The recent devastation of tornadoes and floods in southern and mid-western parts of the United States have left many families homeless, disconnected and grieving the loss of loved ones.  Who will help them heal?  In her book, The Warmth of Other Suns” author Isabell Wilkerson tells the migration stories and now more so the return of African American families to their southern roots, which perhaps still remains tied to the search for relief from discrimination and racism. Yet, remarkable and significant progress has led to stunning diversity in America visible in neighborhoods, schools and the workplace, but also shows clear evidence of inequity at the cost of lives, comprising health and society. Here we have to continue the dialogue to realize for better outcomes for the future.

What can we do to strengthen our families?  We can take on acts of empathy, compassion and love without delay.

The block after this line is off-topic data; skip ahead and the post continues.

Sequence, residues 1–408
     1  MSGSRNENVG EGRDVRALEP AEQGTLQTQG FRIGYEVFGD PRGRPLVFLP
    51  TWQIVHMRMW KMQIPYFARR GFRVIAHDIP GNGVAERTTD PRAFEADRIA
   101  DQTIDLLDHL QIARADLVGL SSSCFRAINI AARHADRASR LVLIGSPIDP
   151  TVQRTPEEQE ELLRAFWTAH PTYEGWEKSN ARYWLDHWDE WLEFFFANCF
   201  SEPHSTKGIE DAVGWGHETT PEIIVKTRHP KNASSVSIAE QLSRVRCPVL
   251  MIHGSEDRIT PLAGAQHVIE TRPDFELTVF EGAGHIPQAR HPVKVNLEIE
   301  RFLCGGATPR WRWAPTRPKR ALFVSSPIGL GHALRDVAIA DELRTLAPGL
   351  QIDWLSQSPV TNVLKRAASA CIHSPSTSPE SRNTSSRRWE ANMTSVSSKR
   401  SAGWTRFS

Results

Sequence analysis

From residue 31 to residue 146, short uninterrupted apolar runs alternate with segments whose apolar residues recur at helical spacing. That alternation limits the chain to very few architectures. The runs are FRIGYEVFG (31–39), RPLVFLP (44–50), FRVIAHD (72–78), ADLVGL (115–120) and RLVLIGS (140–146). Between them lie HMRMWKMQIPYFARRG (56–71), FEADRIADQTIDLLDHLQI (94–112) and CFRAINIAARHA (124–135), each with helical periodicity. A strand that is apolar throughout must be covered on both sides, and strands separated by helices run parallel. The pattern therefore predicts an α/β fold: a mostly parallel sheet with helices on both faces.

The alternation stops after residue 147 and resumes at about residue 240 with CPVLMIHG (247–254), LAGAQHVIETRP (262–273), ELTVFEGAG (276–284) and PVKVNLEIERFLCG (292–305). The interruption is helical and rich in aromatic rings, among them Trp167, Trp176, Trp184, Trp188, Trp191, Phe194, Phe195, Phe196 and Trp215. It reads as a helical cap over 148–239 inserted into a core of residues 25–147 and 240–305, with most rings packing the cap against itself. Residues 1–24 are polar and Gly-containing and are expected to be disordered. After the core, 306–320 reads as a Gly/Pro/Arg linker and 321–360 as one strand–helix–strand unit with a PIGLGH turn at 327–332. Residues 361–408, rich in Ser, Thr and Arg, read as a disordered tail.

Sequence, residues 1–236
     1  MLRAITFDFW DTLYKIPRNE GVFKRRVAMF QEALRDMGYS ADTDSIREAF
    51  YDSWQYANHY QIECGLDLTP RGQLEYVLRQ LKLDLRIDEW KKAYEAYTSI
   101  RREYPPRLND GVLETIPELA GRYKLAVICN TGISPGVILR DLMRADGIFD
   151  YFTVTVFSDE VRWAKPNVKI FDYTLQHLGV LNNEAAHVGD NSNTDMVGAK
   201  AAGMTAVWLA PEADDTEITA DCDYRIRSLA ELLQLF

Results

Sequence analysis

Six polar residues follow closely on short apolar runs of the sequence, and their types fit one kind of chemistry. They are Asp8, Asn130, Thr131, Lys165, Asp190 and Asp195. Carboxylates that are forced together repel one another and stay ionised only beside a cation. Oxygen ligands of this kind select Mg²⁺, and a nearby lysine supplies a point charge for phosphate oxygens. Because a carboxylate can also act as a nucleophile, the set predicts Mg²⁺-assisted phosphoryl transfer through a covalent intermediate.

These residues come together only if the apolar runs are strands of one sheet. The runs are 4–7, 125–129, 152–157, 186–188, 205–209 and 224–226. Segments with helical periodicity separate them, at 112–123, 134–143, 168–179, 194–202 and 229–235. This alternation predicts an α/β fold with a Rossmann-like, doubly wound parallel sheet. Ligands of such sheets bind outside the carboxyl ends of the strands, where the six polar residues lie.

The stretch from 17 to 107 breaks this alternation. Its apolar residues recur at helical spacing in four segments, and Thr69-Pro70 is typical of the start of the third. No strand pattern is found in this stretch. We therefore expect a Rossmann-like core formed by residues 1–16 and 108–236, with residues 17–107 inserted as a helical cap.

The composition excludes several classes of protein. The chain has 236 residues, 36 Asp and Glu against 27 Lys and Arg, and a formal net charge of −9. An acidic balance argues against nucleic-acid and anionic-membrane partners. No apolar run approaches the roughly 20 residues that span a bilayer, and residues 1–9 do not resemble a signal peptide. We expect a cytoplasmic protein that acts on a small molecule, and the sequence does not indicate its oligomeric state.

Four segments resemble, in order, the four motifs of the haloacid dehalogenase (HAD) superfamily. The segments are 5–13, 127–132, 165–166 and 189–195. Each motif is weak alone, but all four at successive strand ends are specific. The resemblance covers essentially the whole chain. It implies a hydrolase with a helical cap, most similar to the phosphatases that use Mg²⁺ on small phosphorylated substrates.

May 06, 2011

A matter of healing and health: our segregation dilemma

After withstanding the longest filibuster in history, the Civil Rights Act was signed into law on May 6, 1960 paving the way for much stronger legislation includig the 1964 Civil Rights Act and the Voting Rights Act of 1965. You can see here progress as an iterative process requiring time and tenacity. Justice is slow, but steady.  The 1964 civil rights laws declared hospital segregation illegal.
Yet, the persistence of racial residential segregation continues to drive disparities in health. [1] Social factors in local settings result in variations of population health across communities. [2,3] The segregation dilemma among African Americans is distinctive because other minority groups have not lived within the historical context of the African American population, our closet kin are Native Americans. The landscape of America is changing rapidly with increasing Latin and Asian populations revealing a new story of complexity.